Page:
Second, it is believed that presumed terrorists were transferred to third-party countries to be interrogated by methods prohibited by international law. According to news reports and articles, individuals were transferred to countries with a high risk of torture, such as Jordan, Syria, Egypt, and Morocco, and all countries that the U.S. State Department has criticized for their violations of human rights (ESTADOS UNIDOS DE AMÉRICA, 2008). In the case of confirmation that these individuals were submitted to this type of treatment,10 rendition would also constitute a violation of the prohibition on torture, which is a ius cogens and therefore obligatory for all States (BUTTON, 2007) and an infringement of the principle of non refoulement recognized in common and conventional international law. This principle is absolute and unwavering, even in emergency situations.11 In addition, the obligation to non refoulement extends to all types of transfer, that is, whether deriving from a process of extradition, expulsion, or deportation (ARBOUR, 2006) when there are grounds to believe that the person will be tortured or submitted to inhuman or degrading treatment. It is relevant, also, that in the case of Chahal and also that of Saadi, the European Court of Human Rights stated the absolute nature of this prohibition.

Third, the person who is detained arbitrarily and taken to a secret detention center is deprived of the opportunity to question the legality of their detention or to know on what charges they have been detained. In some cases, the detainees have disappeared without a trace (SADAT, 2005, p. 324) and are denied any contact with their families. No records exist of their detention or any acknowledgement by any government (WEISSBRODT; BERQUIST, 2006, p.127). During their entire secret detention, the detainees are victims of the crime of enforced disappearance of persons (SADAT, 2005, p. 322; INTERNATIONAL COMMITTEE OF THE RED CROSS, 2007, p. 24).


5. Extraordinary Renditions as forced disappearance

At the end of 2005, the Center for Human Rights and Global Justice at New York University published a list of persons detained in the war against terrorism whose whereabouts were unknown. The list, based on articles and reports in the press and investigations made by various NGOs, is divided into three categories:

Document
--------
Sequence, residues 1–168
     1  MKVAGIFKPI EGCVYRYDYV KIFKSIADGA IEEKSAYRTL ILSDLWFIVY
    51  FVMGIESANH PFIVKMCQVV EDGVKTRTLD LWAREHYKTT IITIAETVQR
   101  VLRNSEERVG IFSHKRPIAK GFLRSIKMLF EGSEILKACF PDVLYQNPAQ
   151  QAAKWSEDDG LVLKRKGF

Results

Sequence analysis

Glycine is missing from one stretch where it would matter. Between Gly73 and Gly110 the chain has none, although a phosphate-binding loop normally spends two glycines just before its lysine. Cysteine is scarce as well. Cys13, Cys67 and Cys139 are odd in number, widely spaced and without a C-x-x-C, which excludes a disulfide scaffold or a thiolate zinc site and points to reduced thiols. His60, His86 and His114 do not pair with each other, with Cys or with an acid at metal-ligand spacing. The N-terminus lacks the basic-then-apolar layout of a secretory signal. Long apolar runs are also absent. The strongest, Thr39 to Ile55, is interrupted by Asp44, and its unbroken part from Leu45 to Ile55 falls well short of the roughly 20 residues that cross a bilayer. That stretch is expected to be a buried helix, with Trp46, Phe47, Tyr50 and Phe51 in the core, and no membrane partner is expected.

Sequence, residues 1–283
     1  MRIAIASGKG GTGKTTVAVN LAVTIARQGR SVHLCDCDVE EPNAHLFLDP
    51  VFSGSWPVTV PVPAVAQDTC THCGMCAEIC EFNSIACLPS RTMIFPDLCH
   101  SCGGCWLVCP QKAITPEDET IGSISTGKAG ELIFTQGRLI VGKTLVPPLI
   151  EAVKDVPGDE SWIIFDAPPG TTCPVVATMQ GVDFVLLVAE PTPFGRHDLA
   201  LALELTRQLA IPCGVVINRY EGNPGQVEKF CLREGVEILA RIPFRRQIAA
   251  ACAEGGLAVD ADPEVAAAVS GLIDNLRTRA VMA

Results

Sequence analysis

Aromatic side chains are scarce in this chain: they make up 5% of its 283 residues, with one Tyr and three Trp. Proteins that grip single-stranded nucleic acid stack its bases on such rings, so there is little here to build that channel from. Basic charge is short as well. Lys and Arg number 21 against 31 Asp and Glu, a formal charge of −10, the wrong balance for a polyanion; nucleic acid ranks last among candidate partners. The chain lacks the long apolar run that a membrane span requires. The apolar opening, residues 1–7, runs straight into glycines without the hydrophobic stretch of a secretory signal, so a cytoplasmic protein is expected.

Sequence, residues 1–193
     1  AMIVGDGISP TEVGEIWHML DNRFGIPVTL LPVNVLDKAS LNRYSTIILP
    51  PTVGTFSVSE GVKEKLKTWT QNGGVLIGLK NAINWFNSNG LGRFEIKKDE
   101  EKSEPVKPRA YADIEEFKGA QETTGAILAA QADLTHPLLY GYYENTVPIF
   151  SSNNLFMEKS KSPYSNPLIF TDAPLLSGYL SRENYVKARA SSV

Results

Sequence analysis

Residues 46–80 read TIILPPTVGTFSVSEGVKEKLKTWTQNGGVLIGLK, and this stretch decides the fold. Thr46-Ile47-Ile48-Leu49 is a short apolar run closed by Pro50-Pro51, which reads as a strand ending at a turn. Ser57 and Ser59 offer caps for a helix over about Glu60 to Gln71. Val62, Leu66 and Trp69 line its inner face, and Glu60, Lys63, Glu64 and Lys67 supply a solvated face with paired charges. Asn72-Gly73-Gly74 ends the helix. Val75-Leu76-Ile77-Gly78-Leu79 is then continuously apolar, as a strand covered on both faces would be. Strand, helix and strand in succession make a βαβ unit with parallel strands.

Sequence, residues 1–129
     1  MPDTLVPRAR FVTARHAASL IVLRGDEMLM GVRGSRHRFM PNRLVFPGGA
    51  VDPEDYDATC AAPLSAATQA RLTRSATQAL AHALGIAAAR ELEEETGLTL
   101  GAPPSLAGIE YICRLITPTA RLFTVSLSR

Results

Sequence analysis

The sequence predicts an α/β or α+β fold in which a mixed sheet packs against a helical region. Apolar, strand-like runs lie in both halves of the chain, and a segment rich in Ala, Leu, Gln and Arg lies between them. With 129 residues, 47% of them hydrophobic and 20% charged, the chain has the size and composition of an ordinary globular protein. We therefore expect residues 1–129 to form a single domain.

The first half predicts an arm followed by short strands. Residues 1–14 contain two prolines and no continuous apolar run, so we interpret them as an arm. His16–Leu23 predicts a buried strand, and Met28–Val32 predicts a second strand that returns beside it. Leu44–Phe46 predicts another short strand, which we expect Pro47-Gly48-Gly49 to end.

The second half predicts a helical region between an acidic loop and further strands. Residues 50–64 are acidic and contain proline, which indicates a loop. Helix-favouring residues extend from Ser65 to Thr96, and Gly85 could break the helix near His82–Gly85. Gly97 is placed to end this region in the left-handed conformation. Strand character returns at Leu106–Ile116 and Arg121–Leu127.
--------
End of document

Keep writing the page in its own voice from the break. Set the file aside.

1. Persons confirmed to be or to have been held in secret detention centers in the United States or in installations on foreign territory controlled by the United States.

2.  Persons presumably held by the United States and who are probably held in secret detention centers controlled by the United States or in installations on foreign territory but controlled by the United States.

3.  Persons who may be held by the United States and who may be held in secret detention centers controlled by the United States or in installations on foreign territory but controlled by the United States.

In category 1, the U.S. has admitted at some point that these persons have been detained by their authorities. Nevertheless, there has been no information on their fate or whereabouts. In categories 2 and 3, the U.S. has not admitted the detention and the difference between these categories lies in the degree of certainty over the detention. Cases in category 2 include substantial evidence of secret detetion by the U.S. while in cases of category 3, there is only inconclusive evidence.

However, are the three elements present in these categories? That is: (i) the arrest, detention, abduction, or any other form of deprivation of liberty; (ii) the carrying out by agents of the State or by persons acting with the authorization, support or acquiescence of the State; and (iii) the concealment of the fate or whereabouts of the missing person and the consequent removal of the person from the protection of the law?

5.1 Arrest, detention, abduction, or any other form of deprivation of liberty